Dog training - Overcoming the Obstacles of Dog Agility Training

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Overcoming the Obstacles of Dog Agility Training

It is not important what age your dog is for you to start agility training, but what matters most is the respect for the obstacles that a dog may have to perform. A puppy can have physical and mental barriers to agility training, as it has not yet matured enough to understand the principles of training. An older dog can be limited to agility training because it cannot cope with the stress on his body after aging.

With puppy agility training, you need to start small and increase the number of hours of training as the training continues. Sometimes all it requires is just some conditioning for dogs on a par with training for agility.

It doesn’t matter what age your dog is for you to begin agility training, but you have to respect the obstacles a dog may have in performing. For instance, very old or very young dog can have limitations set forth by its age.

A puppy can have physical and mental obstacles for agility training because he hasn’t yet matured enough to grasp the training principles. An older dog may be limited in agility training because he is unable to perform due to stress on its body after aging.

With puppy agility training, you need to start off small and increase the training as time goes on. Start by allowing your puppy to cross bars and boards that are on the ground. Since it may not be ready for pipe tunnels, you can try using boxes on the floor instead. If the puppy is hesitant during the agility training, you can start out making it a fun time playful experience to get him used to the new experience.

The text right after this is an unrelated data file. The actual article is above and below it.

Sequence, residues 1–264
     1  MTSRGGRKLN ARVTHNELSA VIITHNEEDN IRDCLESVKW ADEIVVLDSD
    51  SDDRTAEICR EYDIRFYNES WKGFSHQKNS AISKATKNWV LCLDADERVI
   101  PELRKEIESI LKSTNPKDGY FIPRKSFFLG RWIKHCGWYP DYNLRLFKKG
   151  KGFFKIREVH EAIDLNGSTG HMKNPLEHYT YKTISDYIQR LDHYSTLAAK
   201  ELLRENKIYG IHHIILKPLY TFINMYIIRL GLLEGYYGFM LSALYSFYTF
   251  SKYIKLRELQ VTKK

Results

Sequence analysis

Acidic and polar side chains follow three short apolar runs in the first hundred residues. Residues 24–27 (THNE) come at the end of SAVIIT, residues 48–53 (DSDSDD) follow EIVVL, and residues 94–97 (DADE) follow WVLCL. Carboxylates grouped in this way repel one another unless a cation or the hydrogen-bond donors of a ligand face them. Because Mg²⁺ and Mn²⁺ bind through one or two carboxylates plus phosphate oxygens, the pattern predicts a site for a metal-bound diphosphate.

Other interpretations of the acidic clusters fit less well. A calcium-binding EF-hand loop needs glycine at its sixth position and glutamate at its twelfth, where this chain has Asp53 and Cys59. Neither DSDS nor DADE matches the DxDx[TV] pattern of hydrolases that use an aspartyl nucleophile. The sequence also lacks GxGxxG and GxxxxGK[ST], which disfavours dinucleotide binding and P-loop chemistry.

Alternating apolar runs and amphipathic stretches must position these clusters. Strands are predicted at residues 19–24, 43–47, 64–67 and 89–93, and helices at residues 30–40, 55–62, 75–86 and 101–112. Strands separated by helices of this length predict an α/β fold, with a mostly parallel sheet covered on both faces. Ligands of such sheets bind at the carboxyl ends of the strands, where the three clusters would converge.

As his attention span grows and he’s physically able, you can take the agility training one step further. If you are raising an older dog and are unsure what obstacles it will face during agility training, know that a dog is considered a “senior citizen” at around eight years old. Breed factors into the aging process. If you have a small dog, then it will age later than a large breed will.

With any dog of any age, you’ll want to evaluate it specifically for obstacles it may face that prevent excessive agility training. If the dog is overweight, it can impede its physical performance, just as a health condition can attribute to poor performance ability.

Sometimes all it requires is some conditioning to get the dog up to par for agility training. Or, if it has previous experience but hasn’t trained in awhile, it might just need a refresher course to get back on track.

With agility training, the dog is doing more than just lying around on the couch or flitting around in the backyard. It’s doing major physical work, so your dog may have to build up its endurance just as a human does during sports training.

Because it’s a very active sport, you need to e aware of the stress it places on your dog during agility training. Your dog may not be able to handle a triple jump, dive into a tunnel, or 180-degree turn. Make sure you monitor your dog for injuries and have it seen by a veterinarian if you notice anything suspicious.